Ice Hotel, Sweden

Here are a few of my favorite comments from that forum:

“After that I tried several other denominations I settled on an ELCA Lutheran church. Actually, Chaplain Mike’s posts on the Lutheran denomination were helpful to me on deciding on a new church home.”

“I have no issues at all with the US-centricity of IM and in many ways it has nuanced my understanding of the US evangelical/post-evangelical culture wars which are almost always grossly misrepresented by the international media (even by the BBC!). As such, IM acts as a great ambassador for North American Christianity offering a unique forum for reflection, reason and hope.”

“What the heck is a post-evangelical wilderness?”

“I love the honestly, the reality, the openess, the fun, the occasional naughtiness, the music, the movies, the earthiness,the beverages, the acceptance, the wisdom and lack of judgement that permeates IM. Most of all I love the way it connects me with my creator without preaching at me, without SHOUTING at me without selling me anything. “

“Internet Monk has helped me to recognize that I am solidly in the wilderness and also helped to sustain me there. I am very thankful to you guys for your dedication and talent that keeps this conversation going. Jeff, you are hilarious. And it’s not everyday you meet someone as stable and gracious as Ch. Mike who can still write a “full-blown rant” when he needs to.”

“With my powerful rebuke (I learned how to do it powerfully by watching Rod Parsley after a night with too much brandy) out of the way and my “rebuking ministry” clearly established I wish to say that IM is a bit self-righteous amd immature on its bad days and enlightening and generally satisfying on its good days. I now remove my powerful rebuke lest someone faint from discouragement.”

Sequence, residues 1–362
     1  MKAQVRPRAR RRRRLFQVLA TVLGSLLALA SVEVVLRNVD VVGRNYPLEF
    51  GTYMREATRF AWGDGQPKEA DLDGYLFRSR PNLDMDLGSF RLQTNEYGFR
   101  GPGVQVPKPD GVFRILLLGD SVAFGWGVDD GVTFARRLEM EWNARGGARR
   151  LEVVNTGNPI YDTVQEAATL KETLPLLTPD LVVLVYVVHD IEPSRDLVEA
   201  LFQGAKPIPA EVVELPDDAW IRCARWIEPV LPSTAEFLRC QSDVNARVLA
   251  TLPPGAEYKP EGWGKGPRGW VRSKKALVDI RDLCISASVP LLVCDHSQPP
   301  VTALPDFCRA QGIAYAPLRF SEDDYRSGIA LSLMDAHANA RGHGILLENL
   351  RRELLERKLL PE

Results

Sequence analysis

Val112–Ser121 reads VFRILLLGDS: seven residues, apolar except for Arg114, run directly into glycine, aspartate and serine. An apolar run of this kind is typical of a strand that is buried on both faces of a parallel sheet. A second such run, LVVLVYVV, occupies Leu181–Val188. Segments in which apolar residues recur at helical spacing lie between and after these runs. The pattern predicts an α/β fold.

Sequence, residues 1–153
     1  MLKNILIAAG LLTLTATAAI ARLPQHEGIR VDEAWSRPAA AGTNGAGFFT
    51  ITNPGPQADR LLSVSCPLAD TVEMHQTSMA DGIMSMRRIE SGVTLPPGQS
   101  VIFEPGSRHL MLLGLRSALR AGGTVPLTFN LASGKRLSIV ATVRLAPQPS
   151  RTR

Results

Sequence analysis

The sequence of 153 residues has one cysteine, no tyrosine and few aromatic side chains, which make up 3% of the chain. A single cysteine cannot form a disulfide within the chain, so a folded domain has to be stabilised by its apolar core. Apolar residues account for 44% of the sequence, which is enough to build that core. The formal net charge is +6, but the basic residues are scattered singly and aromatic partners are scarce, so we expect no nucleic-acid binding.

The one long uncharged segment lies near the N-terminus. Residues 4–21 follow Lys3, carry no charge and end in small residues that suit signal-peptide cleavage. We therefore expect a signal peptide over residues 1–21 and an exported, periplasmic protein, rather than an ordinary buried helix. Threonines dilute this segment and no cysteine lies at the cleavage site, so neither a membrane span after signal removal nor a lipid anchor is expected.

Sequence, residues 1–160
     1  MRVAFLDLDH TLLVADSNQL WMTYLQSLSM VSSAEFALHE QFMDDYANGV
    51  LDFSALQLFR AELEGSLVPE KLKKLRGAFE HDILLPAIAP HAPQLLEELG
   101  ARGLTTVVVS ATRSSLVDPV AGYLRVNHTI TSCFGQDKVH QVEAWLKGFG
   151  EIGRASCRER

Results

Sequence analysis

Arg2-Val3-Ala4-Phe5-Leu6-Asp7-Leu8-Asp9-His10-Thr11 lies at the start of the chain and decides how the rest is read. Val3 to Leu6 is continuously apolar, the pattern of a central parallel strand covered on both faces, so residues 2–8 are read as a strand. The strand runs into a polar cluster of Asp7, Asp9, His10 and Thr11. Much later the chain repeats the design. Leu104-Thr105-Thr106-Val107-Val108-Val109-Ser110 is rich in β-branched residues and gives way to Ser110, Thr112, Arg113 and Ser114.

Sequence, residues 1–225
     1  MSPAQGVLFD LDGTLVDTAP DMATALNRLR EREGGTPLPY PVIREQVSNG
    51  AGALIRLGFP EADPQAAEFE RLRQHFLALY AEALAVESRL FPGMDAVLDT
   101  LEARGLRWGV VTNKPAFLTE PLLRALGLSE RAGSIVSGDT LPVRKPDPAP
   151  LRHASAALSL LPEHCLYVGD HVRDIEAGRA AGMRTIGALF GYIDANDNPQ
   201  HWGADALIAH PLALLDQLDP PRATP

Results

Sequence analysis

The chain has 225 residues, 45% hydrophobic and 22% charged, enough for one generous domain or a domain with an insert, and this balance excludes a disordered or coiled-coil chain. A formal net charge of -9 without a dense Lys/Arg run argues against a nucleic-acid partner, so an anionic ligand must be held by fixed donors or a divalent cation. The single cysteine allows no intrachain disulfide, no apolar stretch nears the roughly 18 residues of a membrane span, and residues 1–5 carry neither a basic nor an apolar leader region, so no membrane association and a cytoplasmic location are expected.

• • •

There are a lot more comments that I loved. Thanks, everyone. On days when I feel down, I’m sure one thing I will do is go back and read through this open forum again. It was that encouraging.

Not that you regulars aren’t a constant encouragement! You most certainly are.

But having all the new folks join us on Wednesday was like opening the doors and windows in early spring. The air was fresh and sweet and invigorating.

We will do that again, I promise.

Comments

  1. Randy Thompson says:

    Many people here would be a lot happier if they spent more time contemplating things like the Tianzi Garden Hotel instead of Mark Driscoll and company.

    I’ve always wanted to go to China. Now I have another compelling reason for doing so.

    (By the way: The Tianzi Garden Hotel is located in Langfang, China, in Hebei province.)